CAPE TOWN, South Africa (CNS) — The Catholic Commission for Justice and Peace in Zimbabwe is battling to find food to give university students a meal a day while they take exams. Officials at the University of Zimbabwe ordered up to 5,000 students out of university housing July 9 just as they were to begin two weeks of written exams. Alouis Chaumba, head of the Harare-based justice and peace commission, told Catholic News Service in a July 10 telephone interview that the students had been asked to pay additional housing fees of more than a million Zimbabwean dollars (US$4,000), “and most were unable to do that.” The students’ failure to pay the fee, and July 7 incidents of vandalism on campus that authorities blamed on students, prompted the authorities to order “all students to move off campus,” he said. Chaumba said the shortage of accommodations in Harare — even for those students who have friends to put them up while they take their exams — and “the scarcity of food makes this a crisis.”

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Archbishop backs regional efforts to mediate in Zimbabwe

CAPE TOWN, South Africa (CNS) — Archbishop Pius Ncube of Bulawayo, Zimbabwe, has expressed support for regional efforts to mediate in his country’s political and economic crisis. At a July 10 news conference in Johannesburg, South Africa, to launch the Solidarity Peace Trust’s latest report on human rights abuses in Zimbabwe, Archbishop Ncube, trust chairman, called African mediation efforts hopeful and urged the international community to support them. In March the Southern African Development Community appointed South African President Thabo Mbeki to act as mediator between Zimbabwean President Robert Mugabe’s ruling Zanu-PF party and the Movement for Democratic Change, the main opposition party. The community hoped Mbeki could help pressure Mugabe to enact democratic reforms. In the past, Mugabe has treated Mbeki and other southern African leaders “with a certain amount of disdain” and has “shown us all that he doesn’t listen to anyone,” Bishop Kevin Dowling of Rustenburg, South Africa, said in a July 10 telephone interview.

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Toronto archbishop says wider use of Tridentine Mass enhances church

TORONTO (CNS) — Archbishop Thomas Collins of Toronto said wider use of the Tridentine Mass enhances the diverse Catholic Church in Canada. “We celebrate Toronto as the most diverse diocese in the world. We’ve just been enriched. I think the whole church has,” Archbishop Collins said, referring to the release of Pope Benedict XVI’s July 7 letter allowing wider use of the Tridentine Mass, the liturgy that predates the Second Vatican Council. “This is a great thing, and it solves all of this disputing and all this stuff.” Noting that before the papal letter’s release there had been rumors and gossip about its contents, he said, “Now we have this wonderful document, and now we can move onto other things.” For Toronto’s 1.7 million Catholics, Mass already is celebrated regularly in 34 languages. The Tridentine Mass, celebrated in Latin, is offered at five parishes. In the apostolic letter, “Summorum Pontificum,” Pope Benedict eased restrictions on the use of the 1962 Roman Missal, which was standard before the new Order of the Mass was introduced in 1970. The papal decree was issued “motu proprio,” a term that reflects the pope’s personal initiative in the matter.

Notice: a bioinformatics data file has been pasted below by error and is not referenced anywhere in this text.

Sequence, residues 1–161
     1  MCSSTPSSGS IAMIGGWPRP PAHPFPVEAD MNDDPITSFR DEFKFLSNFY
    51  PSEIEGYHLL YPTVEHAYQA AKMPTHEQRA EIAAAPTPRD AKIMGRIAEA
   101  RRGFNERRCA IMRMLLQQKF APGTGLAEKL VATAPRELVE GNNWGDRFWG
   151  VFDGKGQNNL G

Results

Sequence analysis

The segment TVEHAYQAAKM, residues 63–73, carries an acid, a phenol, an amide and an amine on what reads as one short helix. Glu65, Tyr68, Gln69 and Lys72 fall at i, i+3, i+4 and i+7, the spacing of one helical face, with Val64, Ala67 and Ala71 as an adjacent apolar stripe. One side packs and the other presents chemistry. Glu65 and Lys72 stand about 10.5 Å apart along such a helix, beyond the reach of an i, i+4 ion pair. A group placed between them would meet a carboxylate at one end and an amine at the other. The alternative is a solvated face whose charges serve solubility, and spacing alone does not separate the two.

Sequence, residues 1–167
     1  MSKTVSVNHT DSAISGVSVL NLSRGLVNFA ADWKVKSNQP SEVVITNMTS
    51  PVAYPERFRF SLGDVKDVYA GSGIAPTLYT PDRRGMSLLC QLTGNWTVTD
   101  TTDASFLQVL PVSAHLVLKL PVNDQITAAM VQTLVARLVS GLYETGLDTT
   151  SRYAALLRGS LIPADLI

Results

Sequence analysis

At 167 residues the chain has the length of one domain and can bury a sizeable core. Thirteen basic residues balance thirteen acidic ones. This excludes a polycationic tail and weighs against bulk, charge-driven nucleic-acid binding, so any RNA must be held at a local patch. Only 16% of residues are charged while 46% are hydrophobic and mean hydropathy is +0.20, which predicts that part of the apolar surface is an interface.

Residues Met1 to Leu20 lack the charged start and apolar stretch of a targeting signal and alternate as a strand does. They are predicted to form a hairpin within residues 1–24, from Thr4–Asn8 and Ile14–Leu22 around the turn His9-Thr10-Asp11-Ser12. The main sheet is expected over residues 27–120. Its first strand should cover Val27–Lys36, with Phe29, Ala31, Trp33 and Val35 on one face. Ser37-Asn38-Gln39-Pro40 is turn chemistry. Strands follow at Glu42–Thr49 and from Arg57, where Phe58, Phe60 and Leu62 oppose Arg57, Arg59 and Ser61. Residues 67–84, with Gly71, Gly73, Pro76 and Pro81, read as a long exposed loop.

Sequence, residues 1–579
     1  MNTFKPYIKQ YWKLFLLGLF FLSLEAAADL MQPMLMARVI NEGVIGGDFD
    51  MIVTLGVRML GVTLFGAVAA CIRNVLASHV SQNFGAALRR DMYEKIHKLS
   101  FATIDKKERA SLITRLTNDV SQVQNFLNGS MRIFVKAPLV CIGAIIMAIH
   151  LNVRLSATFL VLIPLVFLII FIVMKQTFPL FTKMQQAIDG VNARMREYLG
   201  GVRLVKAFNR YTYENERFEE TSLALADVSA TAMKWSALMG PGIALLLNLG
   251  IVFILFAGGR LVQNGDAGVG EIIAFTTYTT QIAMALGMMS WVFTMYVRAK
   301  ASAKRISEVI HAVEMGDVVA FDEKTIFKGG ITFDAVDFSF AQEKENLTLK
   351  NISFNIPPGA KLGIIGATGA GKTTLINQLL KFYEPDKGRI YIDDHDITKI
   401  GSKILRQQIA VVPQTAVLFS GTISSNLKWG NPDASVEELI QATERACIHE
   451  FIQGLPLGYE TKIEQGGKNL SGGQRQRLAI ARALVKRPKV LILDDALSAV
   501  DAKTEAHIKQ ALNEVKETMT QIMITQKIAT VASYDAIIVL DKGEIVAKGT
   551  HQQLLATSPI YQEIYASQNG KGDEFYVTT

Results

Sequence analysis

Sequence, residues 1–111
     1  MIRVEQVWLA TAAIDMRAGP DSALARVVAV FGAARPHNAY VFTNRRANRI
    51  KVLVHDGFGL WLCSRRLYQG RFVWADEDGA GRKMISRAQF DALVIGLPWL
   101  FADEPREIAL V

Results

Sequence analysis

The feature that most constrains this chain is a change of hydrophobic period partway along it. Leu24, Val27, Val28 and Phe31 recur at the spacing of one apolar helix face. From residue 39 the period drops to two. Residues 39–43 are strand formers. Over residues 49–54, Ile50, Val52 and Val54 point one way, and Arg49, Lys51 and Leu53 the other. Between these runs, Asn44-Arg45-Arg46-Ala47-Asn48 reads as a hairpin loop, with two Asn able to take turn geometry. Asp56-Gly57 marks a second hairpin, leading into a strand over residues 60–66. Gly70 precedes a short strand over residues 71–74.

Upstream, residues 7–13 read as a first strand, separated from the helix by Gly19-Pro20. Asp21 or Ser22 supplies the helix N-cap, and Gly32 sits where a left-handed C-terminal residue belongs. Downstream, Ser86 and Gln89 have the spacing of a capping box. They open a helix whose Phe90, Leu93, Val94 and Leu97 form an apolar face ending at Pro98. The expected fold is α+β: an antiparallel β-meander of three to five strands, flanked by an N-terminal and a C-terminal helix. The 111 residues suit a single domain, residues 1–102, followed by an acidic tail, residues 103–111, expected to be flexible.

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In Havana, Latin American bishops’ council elects new officers

HAVANA (CNS) — The Latin American bishops’ council, meeting in Havana, elected new officers, among whose jobs will be overseeing the implementation of the guidelines in the final document of the Fifth General Conference of the Bishops of Latin America and the Caribbean. Archbishop Raymundo Damasceno Assis of Aparecida, Brazil, where the general conference met in May, was elected president of the bishops’ council, known by its Spanish acronym as CELAM. Archbishop Assis will lead the council, which represents 22 bishops’ conferences from Latin America and the Caribbean, until 2011. Archbishop Baltazar Porras Cardoza of Merida, Venezuela, was elected first vice president, and Bishop Andres Stanovnik of Reconquista, Argentina, was elected second vice president. Some 70 delegates, including five cardinals, were representing their bishops’ conferences at the July 10-13 meeting at San Juan Maria Vianney house in Havana.

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This year July 7 weddings outshine traditional June nuptials

PEKIN, Ill. (CNS) — This summer the traditional June wedding was outshone by another date that new brides and grooms especially preferred for tying the knot: July 7. Many couples were attracted this year by the threefold alignment of “lucky number seven” on that date: 7/7/07. But Jamie Funderburk, now Mrs. Jamie O’Brien, had a much simpler reason for choosing July 7 for her nuptials at St. Joseph’s Church in Pekin: The date was convenient and available. “Actually it was kind of funny, because all my life I’ve known girls who’d wanted to be married on July 7, 2007. Some women picked out that date when they were little girls,” she told The Catholic Post, Peoria’s diocesan newspaper, in an interview the day before her wedding. After Jamie and her fiance, Zachary O’Brien, formerly of Harvard, Ill., announced the date they planned for their wedding, many of her friends began telling her that they had always hoped they would get married then. “I just thought it would be easy to remember, that it was kind of a cute date,” she said. “Little did I realize that the whole world would be interested in that date.”

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Women team up to bring prayers, laptops to military in Texas hospitals

SAN ANTONIO (CNS) — Two “angels” — one from the East Coast, one from the West — flew into San Antonio together in June bearing gifts to boost the morale of hospitalized military personnel and their families at Brooke Army Medical Center, Wilford Hall Medical Center and the Audie Murphy Veterans Memorial Hospital. Patricia Gallagher of Royersford, Pa., creator of the Team of Angels project, brought with her a thousand angel pins attached to messages of hope and gratitude. Laura Brown of Cody, Wyo., organizer of Laptops for the Wounded, came with four laptop computers with webcams to enable those who have been hospitalized to stay in touch with their families and others. Both Brown and Gallagher were clearly moved by their visit. “I had to step away several times and ‘regroup,'” Brown told Today’s Catholic, newspaper of the San Antonio Archdiocese. “I would start crying.” Said Gallagher: “To everybody we saw, we kept saying, ‘We just want to thank you — from our family, from everybody.'” Brown and Gallagher met via the Internet earlier this year. More information about their angels and laptop projects are available online at: and